US Foreign Policy POLITIC4158
- Academic Session: 2021-22
- School: School of Social and Political Sciences
- Credits: 20
- Level: Level 4 (SCQF level 10)
- Typically Offered: Either Semester 1 or Semester 2
- Available to Visiting Students: Yes
- Available to Erasmus Students: Yes
This course is designed to offer students the opportunity to explore and analyze the actors, issues, processes and political conditions involved in the making of American foreign policy.
This course may not be running this year. For further information please check the Politics Moodle page or contact the subject directly.
Requirements of Entry
Mandatory Entry Requirements
Entry to Honours Politics requires a grade point average of 12 (Grade C) over Politics 2A and Politics 2B as a first attempt.
The summative assessment will consist of two essays of 2000-2500 words. Each counts for 50% of the final mark.
Are reassessment opportunities available for all summative assessments? Not applicable$reassessOppTxt
This course offers students the opportunity to explore and analyze the actors, issues, processes and political conditions involved in the making of American foreign policy in the post-Cold War era. To this end, the course will introduce students to core concepts, theories, and approaches to the study of foreign policy making in the United States, including the institutions and processes of policymaking, the broader societal and cultural contexts of policymaking, the international systemic environment, U.S. foreign relations with specific countries and regions, and foreign policy since September 11, 2001.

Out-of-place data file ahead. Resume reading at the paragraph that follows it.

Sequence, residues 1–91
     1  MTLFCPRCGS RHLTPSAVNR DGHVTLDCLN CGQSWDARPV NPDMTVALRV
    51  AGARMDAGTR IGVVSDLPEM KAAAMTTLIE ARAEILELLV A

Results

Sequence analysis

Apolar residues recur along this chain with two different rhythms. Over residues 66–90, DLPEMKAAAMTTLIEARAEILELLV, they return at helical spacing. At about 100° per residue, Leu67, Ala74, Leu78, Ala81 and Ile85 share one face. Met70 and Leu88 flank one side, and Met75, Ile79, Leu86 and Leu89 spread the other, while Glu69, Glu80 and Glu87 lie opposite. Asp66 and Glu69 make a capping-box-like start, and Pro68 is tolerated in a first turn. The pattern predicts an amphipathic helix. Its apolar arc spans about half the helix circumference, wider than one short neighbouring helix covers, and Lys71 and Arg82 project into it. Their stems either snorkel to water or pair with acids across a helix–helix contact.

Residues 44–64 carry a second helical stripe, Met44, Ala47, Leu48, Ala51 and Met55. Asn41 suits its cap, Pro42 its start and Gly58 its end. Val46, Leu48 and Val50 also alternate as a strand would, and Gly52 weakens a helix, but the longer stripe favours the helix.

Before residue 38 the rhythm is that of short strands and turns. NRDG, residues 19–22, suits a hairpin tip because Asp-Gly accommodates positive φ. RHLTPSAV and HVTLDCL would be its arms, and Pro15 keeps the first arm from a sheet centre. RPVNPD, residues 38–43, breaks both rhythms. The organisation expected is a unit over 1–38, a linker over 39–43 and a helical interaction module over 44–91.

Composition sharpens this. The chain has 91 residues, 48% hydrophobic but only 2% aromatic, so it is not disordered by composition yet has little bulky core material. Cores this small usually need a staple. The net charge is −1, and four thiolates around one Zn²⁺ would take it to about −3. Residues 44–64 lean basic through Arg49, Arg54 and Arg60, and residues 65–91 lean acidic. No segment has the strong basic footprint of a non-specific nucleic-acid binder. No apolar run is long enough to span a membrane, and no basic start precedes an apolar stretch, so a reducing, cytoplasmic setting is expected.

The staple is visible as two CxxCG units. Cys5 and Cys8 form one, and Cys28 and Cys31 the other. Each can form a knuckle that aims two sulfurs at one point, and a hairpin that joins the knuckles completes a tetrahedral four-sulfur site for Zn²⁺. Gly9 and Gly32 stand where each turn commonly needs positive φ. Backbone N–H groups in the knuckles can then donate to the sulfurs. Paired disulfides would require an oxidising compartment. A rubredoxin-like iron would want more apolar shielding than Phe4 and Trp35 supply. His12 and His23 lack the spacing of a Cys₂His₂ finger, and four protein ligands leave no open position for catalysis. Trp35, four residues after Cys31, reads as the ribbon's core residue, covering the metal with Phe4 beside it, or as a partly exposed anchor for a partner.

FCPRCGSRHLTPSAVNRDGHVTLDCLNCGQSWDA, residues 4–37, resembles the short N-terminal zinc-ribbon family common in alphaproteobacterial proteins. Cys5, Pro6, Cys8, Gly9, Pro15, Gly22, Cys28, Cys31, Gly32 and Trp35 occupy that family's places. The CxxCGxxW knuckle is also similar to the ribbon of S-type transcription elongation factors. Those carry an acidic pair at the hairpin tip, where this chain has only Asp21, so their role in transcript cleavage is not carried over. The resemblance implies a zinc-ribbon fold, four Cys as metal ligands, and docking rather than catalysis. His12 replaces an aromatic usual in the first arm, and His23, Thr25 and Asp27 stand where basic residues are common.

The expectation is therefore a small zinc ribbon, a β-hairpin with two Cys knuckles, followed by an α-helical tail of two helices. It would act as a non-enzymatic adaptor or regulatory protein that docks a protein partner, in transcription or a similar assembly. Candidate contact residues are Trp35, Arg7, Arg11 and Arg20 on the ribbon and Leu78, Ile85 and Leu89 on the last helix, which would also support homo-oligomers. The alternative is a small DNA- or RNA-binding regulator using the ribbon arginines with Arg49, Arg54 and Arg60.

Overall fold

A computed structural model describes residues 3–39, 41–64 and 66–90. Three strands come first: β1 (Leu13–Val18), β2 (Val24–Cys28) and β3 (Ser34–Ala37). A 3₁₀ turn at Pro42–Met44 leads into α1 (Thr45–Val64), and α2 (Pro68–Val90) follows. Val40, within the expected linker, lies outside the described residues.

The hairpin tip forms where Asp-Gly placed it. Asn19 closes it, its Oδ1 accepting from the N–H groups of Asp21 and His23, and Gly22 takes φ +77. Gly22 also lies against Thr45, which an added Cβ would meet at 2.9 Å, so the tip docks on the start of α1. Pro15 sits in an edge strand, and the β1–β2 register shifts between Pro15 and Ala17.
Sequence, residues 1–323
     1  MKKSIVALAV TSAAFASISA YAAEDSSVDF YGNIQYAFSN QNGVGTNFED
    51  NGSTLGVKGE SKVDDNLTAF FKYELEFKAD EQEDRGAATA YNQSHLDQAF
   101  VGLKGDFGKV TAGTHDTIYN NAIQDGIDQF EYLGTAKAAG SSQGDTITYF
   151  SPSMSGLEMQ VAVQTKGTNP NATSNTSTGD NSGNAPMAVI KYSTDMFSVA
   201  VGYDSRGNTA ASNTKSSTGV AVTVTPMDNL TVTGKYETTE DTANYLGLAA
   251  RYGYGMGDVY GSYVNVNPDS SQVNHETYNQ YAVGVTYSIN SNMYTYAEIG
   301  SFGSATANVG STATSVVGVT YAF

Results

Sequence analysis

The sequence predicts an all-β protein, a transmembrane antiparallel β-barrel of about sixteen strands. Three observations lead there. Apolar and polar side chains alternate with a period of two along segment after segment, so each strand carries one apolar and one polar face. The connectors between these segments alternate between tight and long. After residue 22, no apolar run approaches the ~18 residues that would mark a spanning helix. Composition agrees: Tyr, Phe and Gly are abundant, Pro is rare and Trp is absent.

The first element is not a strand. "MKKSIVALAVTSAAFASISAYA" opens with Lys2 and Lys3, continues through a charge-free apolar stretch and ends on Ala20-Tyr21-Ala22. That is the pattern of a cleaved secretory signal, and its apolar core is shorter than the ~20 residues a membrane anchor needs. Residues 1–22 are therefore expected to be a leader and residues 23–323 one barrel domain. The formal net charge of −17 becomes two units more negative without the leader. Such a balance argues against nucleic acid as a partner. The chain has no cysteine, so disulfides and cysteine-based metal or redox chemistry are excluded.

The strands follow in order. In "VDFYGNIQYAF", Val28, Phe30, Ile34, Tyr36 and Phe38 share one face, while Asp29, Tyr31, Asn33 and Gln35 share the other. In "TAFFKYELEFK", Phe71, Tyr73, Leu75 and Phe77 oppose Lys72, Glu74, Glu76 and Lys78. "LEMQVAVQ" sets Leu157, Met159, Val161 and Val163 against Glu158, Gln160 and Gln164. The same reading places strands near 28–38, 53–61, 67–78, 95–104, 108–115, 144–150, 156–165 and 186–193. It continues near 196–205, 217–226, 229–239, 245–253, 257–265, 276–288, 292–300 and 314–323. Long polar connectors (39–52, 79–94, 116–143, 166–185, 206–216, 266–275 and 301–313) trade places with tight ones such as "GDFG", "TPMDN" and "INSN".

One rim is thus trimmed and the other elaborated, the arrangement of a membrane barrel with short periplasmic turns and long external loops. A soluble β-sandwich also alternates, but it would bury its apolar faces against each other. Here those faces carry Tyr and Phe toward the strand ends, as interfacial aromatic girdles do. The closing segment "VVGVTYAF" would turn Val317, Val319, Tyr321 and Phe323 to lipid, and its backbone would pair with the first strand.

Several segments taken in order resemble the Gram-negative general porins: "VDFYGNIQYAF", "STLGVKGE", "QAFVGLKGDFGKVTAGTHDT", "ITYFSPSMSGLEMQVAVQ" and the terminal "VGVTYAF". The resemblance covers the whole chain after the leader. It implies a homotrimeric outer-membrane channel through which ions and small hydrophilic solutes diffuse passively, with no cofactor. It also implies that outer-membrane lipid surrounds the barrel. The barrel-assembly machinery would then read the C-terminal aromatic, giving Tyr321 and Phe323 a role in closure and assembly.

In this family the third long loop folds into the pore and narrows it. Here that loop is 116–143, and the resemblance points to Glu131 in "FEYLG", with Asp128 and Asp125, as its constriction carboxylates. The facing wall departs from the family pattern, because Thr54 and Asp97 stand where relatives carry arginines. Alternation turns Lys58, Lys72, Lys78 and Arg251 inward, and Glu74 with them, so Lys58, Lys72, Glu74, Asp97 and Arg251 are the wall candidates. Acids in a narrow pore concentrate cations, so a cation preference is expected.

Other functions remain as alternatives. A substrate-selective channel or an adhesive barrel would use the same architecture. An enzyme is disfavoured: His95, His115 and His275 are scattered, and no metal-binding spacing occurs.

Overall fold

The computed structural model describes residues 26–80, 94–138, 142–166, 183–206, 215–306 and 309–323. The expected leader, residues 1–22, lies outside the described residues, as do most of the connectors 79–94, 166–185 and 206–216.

Intended Learning Outcomes of Course
By the end of this course students will be able to:
- acquire an understanding of the origins and development of US foreign policy;
- explore the main theoretical and conceptual approaches to the study of US foreign policy, its domestic and external sources, and the institutions and processes involved;
- apply and extend these theoretical and conceptual frameworks to understanding and explaining contemporary cases and issues in US foreign policy;
- cultivate and apply transferrable academic and non-academic skills, specifically in terms of constructing arguments supported by evidence, utilising broad research skills and subject specific research techniques, as well as apply a range of methodologies studied in the course to complex political problems.
Minimum Requirement for Award of Credits
Students must submit at least 75% by weight of the components (including examinations) of the course's summative assessment.